The Center, Electrified

Those who tuned in to virtual Demo Day, the culmination of the 2020 Heritage Group Accelerator Powered by TechStars, witnessed the final product of the development, strategy and mentoring that went into the 13-week accelerator. Each of the ten founding teams participating—some of whom hailed from as far as the Netherlands—created a five-minute recorded pitch showcasing their startup’s vision, progress and plans for the future. If you just watched the video, you might have missed the months of creative collaboration that laid the foundation for the pitches.

 

Despite the impact of COVID-19, the accelerator produced an “electric” Demo Day, according to Senior Director of HG Ventures Ginger Rothrock. “The environment in the accelerator when it’s full of founders is incredibly active and upbeat,” added Chemistry Research Manager Meghan McLeod of the 13-week process preceding Demo Day. “There’s so much energy. There’s so much excitement.”

Participating founders quickly discover a hidden gem of The Heritage Group (THG) Accelerator: the Heritage Research Group (HRG). When introducing the accelerator in a May 2021 Crowdcast, Nanci Churchill of Techstars touched on this aspect of the program: “The lab that’s on site at The Heritage Group is a world-class facility that allows startup companies to run experiments in cooperation with the HRG lab team, which is phenomenal.”

 

Staffed by a team of experienced chemists and researchers, THG’s in-house research and development laboratory solves some of the biggest business and customer problems among the Heritage family of companies. Their work is behind several innovations that THG harnesses to build a safer, more enriching and sustainable world.

A Dream Team

The process begins with McLeod, whose non-accelerator months are spent overseeing analytical chemistry research for HRG. McLeod acts as a liaison between HRG and the startups involved in the accelerator. “[When] all the companies come in, I have one-on-one meetings with them, and I identify product characterization, development, and pilot opportunities that we can work on during the program,” she described. After this initial meeting, McLeod assesses the tools at her disposal, including those on-premise at HRG facilities (all of which are accessible to accelerator startups). After identifying an expert in the area in question, McLeod assembles a team of researchers to address the startup’s unique issue.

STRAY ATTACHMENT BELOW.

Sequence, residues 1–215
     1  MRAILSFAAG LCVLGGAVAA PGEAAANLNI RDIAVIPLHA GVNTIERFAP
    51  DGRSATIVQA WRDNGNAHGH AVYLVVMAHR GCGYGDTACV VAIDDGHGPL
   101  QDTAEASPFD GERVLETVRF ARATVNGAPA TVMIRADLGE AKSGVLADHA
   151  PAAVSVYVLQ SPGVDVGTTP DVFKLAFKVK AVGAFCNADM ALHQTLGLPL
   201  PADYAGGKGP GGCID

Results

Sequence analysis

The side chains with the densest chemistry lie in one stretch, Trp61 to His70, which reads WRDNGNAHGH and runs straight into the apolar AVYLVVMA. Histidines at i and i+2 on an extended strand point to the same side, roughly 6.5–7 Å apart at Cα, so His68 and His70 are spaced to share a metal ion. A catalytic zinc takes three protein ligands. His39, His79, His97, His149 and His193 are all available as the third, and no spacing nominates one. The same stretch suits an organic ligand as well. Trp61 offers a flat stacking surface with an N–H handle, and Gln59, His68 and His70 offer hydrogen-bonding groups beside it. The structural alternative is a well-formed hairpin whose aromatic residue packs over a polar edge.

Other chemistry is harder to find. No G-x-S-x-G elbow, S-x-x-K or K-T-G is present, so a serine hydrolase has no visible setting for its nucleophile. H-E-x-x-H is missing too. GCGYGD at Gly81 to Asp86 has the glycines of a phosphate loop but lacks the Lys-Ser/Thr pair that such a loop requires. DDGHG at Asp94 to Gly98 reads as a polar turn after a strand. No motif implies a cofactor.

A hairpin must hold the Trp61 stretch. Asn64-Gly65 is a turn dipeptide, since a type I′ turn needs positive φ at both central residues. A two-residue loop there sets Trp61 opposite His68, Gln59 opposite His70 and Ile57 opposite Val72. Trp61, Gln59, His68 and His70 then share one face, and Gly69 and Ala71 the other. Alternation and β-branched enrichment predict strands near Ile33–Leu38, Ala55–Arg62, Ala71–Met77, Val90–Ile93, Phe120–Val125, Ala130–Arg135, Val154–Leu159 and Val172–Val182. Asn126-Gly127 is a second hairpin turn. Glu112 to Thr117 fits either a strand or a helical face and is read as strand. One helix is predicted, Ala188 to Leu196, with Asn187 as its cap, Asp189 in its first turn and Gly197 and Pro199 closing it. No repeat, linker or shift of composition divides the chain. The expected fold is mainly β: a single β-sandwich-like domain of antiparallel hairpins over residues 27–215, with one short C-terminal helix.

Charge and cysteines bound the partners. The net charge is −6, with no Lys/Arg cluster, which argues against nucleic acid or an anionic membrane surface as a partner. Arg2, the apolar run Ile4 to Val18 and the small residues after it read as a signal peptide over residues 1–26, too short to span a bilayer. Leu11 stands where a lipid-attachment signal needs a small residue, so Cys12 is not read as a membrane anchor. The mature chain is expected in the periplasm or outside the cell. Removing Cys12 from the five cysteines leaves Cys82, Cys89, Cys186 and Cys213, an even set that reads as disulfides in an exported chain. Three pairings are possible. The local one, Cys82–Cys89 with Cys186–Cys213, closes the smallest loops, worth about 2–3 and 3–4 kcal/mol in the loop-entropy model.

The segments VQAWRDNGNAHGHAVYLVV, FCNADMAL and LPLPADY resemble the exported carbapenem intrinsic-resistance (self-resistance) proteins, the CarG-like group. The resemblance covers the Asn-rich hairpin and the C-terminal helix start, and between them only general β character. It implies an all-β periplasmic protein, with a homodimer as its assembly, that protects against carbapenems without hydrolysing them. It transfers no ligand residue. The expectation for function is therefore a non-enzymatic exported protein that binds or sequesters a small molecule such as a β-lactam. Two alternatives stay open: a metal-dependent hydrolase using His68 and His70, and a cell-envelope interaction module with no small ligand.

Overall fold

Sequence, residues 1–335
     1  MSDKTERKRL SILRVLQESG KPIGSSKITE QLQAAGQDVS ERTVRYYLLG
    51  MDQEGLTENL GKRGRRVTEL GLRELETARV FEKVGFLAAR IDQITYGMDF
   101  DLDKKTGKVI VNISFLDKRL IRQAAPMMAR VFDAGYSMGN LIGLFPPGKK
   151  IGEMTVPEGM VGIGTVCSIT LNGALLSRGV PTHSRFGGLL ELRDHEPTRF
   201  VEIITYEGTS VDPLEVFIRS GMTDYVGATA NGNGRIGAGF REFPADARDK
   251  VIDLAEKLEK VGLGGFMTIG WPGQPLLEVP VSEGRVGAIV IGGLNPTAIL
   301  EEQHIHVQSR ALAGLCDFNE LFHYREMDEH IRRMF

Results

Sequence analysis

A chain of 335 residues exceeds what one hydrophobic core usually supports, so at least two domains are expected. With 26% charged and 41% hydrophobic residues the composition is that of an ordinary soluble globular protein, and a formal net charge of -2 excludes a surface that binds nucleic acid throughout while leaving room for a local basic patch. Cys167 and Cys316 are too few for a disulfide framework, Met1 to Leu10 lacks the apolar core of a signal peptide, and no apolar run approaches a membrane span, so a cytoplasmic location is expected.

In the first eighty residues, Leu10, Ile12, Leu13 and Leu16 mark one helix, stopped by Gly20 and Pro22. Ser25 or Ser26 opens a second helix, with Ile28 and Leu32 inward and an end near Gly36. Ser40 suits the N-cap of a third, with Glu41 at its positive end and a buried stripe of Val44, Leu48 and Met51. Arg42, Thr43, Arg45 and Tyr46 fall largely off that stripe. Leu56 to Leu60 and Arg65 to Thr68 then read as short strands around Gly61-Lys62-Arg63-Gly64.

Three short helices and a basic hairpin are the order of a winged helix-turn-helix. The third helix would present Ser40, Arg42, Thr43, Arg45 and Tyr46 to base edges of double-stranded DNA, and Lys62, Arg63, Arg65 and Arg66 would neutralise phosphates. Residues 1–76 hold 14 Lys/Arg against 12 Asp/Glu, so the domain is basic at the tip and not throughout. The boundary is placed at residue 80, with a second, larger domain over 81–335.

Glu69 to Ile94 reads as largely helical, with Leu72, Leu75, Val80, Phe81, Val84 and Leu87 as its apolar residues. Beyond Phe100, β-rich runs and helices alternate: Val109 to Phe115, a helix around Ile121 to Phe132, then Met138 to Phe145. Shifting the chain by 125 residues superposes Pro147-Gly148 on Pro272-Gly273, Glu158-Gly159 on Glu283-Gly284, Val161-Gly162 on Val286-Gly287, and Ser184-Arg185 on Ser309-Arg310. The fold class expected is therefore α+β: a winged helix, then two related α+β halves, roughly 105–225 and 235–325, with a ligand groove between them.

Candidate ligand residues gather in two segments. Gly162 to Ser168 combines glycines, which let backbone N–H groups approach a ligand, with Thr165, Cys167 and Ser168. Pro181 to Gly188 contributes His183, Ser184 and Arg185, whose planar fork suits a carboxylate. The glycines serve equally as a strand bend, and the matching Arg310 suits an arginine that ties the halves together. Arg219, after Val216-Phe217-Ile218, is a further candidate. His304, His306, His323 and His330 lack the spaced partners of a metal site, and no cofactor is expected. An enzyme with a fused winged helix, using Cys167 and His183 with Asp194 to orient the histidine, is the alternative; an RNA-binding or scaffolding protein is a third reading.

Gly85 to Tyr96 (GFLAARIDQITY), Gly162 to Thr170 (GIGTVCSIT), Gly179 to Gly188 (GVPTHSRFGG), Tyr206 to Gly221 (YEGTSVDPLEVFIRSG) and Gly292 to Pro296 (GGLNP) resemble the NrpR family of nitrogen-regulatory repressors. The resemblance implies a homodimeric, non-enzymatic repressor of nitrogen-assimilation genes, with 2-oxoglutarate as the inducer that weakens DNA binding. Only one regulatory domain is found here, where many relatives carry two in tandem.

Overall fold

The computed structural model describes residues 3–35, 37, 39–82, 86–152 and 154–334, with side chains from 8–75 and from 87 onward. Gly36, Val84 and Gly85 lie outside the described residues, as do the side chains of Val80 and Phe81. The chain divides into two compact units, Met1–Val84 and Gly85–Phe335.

The Work Begins

In the case of Mobile Fluid Recovery (MFR), a startup dedicated to the cleaning and reuse of industrial waste streams, the collaboration with HRG took about a month from start to finish. CEO Justin Edmondson described the root of the challenge in his Demo Day pitch as “unlock[ing] the liquids from the solids in the waste stream.”

 

“The waste stream he had was too high in sulfur for resale,” said McLeod, describing high-iron metal fines with resale potential. “Justin already had that in mind, and when we met, that was something he identified as a particular problem the research group could help with.”

 

To resell the metal fines, MFR had to satisfy requirements for sulfur content by removing that element from the waste stream. HRG’s chemists rose to the challenge, taking a sample of metal fines and performing elemental analysis. “We helped him both quantify and type the sulfur, and then come up with an approach to remove it [from the waste stream],” McLeod said. The process evolved to a point where Edmonson’s team could perform it in their own facilities, opening MFR’s services to valuable new customers and, potentially, a new market.

 

“Industrial waste stream management is about a $60 billion industry. We recycle only about 30% of all waste streams today,” said Rothrock, “but the EPA believes about 75% of the waste streams are recyclable. MFR is unlocking the value of waste streams that are not currently recycled… and now, thanks to our research group, [Edmondson] has a solution that adds value to the company and his customer base.”

 

This waste stream innovation also underscores an essential tenet of THG’s mission: sustainability. By reusing the de-sulfured metal fines rather than disposing of them, MFR contributes to the circular economy by eliminating waste and making the most of available resources.

From the Ground Up

Some Accelerator projects have a much longer scope. Sunthetics, a startup that aims to make the development of new molecules more sustainable, harnessed HRG’s resources and brainpower to develop their pilot product: an electron reactor that enables organic synthesis.